Members of the Legislative Finance Division reinforced Thursday, April 25, that large Permanent Fund dividends (PFDs) are unsustainable without deep cuts or new taxes. With no political appetite for either, Senate Finance debate on the PFD was tense.
Legislative Finance Director David Teal reviewed his Tuesday presentation showing that the House budget and the substantially-similar Senate Finance committee substitute are more sustainable than Gov. Mike Dunleavy’s plan.
“It shows deficits as high as $450 million during the next six years, and that’s under the assumption that the oil and gas property tax is retained by the State,” Teal said of Dunleavy’s plan during Thursday’s hearing.
Dunleavy is seeking to repeal over $400 million of petroleum property taxes that go to municipal governments, moving that money into the State treasury.
“Without that revenue, the plan is not sustainable,” Teal declared.
Dunleavy and the Office of Management and Budget (OMB) have claimed that failure to adopt his policies will result in what Teal called a “doomsday scenario.”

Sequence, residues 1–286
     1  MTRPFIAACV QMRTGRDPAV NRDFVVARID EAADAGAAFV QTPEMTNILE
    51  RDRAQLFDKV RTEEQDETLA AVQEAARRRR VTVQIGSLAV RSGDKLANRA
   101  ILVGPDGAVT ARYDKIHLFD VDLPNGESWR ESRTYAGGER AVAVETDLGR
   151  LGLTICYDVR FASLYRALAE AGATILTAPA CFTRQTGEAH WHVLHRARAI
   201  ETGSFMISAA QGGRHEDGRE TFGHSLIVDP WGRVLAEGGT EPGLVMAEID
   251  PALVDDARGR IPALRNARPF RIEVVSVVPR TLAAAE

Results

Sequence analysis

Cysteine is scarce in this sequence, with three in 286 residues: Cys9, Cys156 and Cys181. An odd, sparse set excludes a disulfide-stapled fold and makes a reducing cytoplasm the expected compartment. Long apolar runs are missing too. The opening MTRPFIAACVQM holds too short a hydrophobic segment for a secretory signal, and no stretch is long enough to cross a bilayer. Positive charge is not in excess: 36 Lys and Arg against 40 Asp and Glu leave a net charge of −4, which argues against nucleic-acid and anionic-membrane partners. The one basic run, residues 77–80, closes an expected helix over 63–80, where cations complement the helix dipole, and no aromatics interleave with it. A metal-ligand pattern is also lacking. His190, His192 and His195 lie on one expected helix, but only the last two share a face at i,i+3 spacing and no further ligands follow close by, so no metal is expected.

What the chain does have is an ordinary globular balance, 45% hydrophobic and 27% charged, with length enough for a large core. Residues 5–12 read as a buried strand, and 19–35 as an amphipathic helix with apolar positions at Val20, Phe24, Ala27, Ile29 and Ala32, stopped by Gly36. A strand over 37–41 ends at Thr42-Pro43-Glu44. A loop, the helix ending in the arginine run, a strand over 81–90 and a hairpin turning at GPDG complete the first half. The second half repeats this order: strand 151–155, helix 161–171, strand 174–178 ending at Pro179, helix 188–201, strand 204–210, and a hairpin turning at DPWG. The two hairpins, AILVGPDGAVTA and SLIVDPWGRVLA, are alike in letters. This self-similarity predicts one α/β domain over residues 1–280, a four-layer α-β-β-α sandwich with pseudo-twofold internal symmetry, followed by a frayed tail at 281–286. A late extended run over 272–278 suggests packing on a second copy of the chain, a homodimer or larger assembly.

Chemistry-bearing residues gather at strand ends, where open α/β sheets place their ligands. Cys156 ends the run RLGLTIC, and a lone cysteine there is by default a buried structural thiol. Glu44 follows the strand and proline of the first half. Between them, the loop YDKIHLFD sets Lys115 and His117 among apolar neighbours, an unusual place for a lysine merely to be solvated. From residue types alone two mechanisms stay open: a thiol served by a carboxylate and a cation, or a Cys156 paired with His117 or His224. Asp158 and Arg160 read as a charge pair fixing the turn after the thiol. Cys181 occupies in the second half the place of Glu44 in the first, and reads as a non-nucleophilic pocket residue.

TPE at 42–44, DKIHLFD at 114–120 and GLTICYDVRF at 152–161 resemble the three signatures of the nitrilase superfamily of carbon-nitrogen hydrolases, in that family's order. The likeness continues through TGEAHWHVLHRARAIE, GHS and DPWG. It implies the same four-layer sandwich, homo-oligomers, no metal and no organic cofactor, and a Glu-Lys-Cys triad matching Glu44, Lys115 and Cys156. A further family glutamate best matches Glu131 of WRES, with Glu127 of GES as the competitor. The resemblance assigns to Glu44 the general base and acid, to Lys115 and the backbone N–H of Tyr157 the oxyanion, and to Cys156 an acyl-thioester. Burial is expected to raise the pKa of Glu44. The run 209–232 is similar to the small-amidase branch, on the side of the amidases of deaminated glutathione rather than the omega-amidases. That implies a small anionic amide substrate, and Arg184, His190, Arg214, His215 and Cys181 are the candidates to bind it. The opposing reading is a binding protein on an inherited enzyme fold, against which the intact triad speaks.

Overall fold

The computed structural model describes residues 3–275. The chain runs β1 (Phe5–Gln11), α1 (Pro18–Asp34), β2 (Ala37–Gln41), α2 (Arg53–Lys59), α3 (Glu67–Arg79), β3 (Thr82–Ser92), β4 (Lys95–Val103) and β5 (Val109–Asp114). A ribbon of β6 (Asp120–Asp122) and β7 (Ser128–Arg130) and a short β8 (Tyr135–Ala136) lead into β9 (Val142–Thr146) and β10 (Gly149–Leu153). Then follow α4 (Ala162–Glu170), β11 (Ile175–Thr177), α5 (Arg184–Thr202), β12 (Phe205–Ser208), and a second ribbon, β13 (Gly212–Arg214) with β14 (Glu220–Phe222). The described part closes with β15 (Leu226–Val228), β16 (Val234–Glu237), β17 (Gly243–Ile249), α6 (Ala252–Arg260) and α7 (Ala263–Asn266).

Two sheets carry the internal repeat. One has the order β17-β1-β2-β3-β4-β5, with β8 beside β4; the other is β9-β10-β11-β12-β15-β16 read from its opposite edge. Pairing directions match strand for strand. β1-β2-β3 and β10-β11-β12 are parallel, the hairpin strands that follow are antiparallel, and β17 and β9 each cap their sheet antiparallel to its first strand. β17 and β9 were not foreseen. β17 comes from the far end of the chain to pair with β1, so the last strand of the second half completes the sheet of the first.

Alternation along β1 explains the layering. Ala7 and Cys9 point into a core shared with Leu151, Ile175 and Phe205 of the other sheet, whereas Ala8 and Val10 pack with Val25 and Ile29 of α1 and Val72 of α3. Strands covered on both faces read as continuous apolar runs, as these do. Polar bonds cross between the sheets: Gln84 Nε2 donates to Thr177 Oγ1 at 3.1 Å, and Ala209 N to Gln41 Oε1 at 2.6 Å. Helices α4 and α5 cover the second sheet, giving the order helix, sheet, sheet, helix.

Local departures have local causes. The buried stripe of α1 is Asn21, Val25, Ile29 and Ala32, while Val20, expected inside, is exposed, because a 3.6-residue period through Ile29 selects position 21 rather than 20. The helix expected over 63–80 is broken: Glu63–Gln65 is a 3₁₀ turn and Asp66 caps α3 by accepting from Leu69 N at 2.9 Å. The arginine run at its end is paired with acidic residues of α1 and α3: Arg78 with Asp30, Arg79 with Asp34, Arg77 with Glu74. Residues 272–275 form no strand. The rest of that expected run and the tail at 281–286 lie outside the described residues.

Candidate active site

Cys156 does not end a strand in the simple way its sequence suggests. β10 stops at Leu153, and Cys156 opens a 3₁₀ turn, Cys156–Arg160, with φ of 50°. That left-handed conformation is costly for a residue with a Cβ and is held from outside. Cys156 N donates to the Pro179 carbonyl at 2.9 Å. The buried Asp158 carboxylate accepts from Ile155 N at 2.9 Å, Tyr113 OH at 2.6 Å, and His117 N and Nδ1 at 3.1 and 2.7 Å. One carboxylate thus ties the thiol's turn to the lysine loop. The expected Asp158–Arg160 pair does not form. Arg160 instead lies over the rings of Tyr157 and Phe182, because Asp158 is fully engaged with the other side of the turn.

But, Teal reiterated, “There is nothing proposed that looks like this scenario. It isn’t really relevant to the discussion, except in its implication that a budget that doesn’t incorporate the governor’s cuts was not viable.”
To the contrary, the House plan results in no deficits because it uses the surplus of the percent-of-market-value (POMV) draw from the Permanent Fund Earnings Reserve Account (ERA) to pay PFDs, after spending on government services has been determined.
Teal said the result in the Senate Finance CS is roughly a $1,200 PFD.
“If you want to pay a higher dividend than that, you need additional cuts or additional revenue or draws from reserves,” he told committee members. ”It’s just math; this is not policy development.”